The Criminal Code, the Penal Code, the Criminal Laws of Lagos State, the Violence Against Persons Prohibition Act (VAPP Act) and the Child Rights Act all have provisions that protect the Nigerian child from various forms of abuse.


But how effective are these laws? Are they being properly enforced? What are parents supposed to do to protect their children against being molested by their guardians? How can a parent/guardian discipline a child without necessarily molesting him/her? How does maltreating a child affect him/her psychologically? The stories below provide further details to the genesis of Nneoma’s ordeals and answers to the above posers.

‘Nigerians Must Rise Against All Forms Of Child Abuse’
From Lawrence Njoku, Southeast Bureau Chief
WHEN she gave her ten year old daughter, Nneoma out as ‘house help’ six months ago, Mrs. Nnedinso Nnadi had done so believing that it was one of the best decisions that could help the little girl achieve the dreams of a better tomorrow.

Having lost her husband to death in 2012 and having no serious handiwork to support a family of four she has to solely carter to, Nnedinso had praised God when Mr Jude and Mrs Ifeoma Ozougwu notified her of their intention to have Nneoma live with them to help take care of their children and run other errands. Jude is a staff of a commercial bank while Ifeoma is a housewife.

They had promised to train the little girl in school and ensure that she became useful, not only to her mother but also to the society. They also rationalised that taking Nneoma to live with them would give some relief to the mother of four who feeds from hand to mouth in her bid to ensure that all her children got basic education.

“All these happened a few months ago. I had willingly asked them to take Nneoma to their residence in Enugu town, after getting the consent of my daughter that she was willing to live with them. The couple is related to my late husband, so I had no doubt that they would do as promised. I also yielded because they already have two little children and needed someone to take care of them, especially when they are not around,” she said.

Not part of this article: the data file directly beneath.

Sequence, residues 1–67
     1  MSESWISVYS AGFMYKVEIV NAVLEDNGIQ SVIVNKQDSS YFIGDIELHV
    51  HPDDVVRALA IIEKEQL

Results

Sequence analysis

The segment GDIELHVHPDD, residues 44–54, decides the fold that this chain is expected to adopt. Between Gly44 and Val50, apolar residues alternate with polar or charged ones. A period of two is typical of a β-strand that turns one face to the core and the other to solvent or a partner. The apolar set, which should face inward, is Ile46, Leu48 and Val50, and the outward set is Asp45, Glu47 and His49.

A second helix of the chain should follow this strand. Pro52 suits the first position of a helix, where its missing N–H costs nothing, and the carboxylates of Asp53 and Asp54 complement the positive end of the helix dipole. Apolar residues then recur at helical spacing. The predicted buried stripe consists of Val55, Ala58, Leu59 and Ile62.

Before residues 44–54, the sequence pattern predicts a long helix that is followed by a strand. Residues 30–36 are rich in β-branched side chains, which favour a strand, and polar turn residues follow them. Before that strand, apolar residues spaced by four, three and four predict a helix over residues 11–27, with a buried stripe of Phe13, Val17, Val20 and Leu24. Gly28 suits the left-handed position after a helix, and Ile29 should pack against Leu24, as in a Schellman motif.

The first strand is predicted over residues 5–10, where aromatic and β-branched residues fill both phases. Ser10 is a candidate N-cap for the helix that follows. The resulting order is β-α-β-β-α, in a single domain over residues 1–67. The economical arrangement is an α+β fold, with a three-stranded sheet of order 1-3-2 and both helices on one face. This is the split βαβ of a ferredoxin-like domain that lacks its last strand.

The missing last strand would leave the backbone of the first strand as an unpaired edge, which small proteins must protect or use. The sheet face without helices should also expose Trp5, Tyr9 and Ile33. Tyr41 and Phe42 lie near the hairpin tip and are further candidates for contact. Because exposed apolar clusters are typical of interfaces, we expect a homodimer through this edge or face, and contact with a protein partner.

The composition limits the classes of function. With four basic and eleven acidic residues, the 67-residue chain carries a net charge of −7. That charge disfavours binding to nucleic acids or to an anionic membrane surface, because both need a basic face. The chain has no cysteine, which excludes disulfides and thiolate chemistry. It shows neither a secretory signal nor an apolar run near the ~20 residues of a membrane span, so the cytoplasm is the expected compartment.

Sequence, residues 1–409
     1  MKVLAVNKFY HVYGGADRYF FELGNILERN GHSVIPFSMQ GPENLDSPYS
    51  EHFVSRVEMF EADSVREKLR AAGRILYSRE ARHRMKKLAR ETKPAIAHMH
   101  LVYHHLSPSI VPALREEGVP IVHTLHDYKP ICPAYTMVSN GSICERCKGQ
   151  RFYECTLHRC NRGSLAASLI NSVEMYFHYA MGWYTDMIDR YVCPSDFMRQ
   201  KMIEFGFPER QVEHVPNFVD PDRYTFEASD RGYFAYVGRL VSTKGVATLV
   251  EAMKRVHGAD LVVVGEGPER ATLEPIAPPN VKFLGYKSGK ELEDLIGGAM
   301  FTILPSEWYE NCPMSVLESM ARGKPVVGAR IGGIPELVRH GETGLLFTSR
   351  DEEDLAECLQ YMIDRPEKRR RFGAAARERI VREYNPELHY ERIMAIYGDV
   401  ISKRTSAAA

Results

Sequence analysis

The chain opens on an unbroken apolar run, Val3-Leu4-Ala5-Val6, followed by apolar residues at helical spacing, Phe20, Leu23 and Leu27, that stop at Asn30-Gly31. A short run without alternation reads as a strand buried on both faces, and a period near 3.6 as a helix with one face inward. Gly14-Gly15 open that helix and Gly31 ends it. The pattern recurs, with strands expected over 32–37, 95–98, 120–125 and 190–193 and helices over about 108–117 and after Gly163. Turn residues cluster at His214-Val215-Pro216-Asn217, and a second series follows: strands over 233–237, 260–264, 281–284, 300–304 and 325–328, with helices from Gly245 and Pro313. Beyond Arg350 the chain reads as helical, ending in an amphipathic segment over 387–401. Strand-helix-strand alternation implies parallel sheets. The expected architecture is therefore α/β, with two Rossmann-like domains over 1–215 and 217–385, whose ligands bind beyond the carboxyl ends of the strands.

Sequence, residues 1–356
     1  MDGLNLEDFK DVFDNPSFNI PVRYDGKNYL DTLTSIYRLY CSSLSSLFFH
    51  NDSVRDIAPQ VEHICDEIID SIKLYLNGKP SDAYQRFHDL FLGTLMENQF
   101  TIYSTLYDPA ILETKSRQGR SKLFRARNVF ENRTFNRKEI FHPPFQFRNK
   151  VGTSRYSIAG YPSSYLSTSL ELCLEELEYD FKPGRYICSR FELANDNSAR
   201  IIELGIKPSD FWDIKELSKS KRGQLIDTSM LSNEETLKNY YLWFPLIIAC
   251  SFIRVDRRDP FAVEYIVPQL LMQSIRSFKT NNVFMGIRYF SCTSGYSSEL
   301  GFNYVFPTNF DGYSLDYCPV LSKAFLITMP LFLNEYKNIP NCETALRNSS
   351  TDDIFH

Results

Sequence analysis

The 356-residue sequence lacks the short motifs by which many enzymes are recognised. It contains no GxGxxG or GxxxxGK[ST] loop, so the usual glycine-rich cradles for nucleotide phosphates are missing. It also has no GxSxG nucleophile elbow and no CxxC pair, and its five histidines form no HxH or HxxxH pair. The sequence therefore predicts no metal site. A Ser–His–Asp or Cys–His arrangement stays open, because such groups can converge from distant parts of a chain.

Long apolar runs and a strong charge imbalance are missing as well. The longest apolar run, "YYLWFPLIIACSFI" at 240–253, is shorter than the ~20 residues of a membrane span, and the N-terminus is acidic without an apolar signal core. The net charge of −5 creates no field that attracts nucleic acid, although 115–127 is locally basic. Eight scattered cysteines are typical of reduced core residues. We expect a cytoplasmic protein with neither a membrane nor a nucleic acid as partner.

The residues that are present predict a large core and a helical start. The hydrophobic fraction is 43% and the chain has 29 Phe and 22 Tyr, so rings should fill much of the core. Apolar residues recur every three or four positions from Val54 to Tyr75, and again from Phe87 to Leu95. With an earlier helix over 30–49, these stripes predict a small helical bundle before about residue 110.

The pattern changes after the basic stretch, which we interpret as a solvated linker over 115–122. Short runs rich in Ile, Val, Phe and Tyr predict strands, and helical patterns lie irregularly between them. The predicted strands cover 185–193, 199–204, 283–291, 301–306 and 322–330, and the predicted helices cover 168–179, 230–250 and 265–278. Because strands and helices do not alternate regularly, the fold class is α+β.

Alas, the promise of a better future for Nneoma has turned awry. Not only has she been given a near permanent scar by the couple, she might live in regret her entire lifetime for accepting to live with them. This is because between January this year when she joined the family at their No. 3 Akonameze Street, Thinkers Corner, residence in Enugu and July when the bubble of the dehumanising treatments her guardians were meting out to her eventually blew open, Nneoma had become a psychological wreck. Several parts of her body had been inflicted with wounds resulting from the torture by her madam and the husband.

Investigations revealed that meting all manner of torture to the little girl was a routine for the Ozougwus. Sources said most of the time, Nneoma was starved for days even as she was made to sleep in one of the rest rooms in their apartment. It was gathered that on the fateful day, July 1, ‘Madam’ was said to have gone with Nneoma and the children to a hair-dressing saloon. When it was her (Madam) turn to be attended to, she was said to have left the care of her kids to Nneoma. She (Nneoma) cuddled the youngest among the children who started sleeping and in the process slept off as well. The little girl reportedly fell off her hands but did not sustain any injuries. However, ‘Madam’ was very displeased with the development.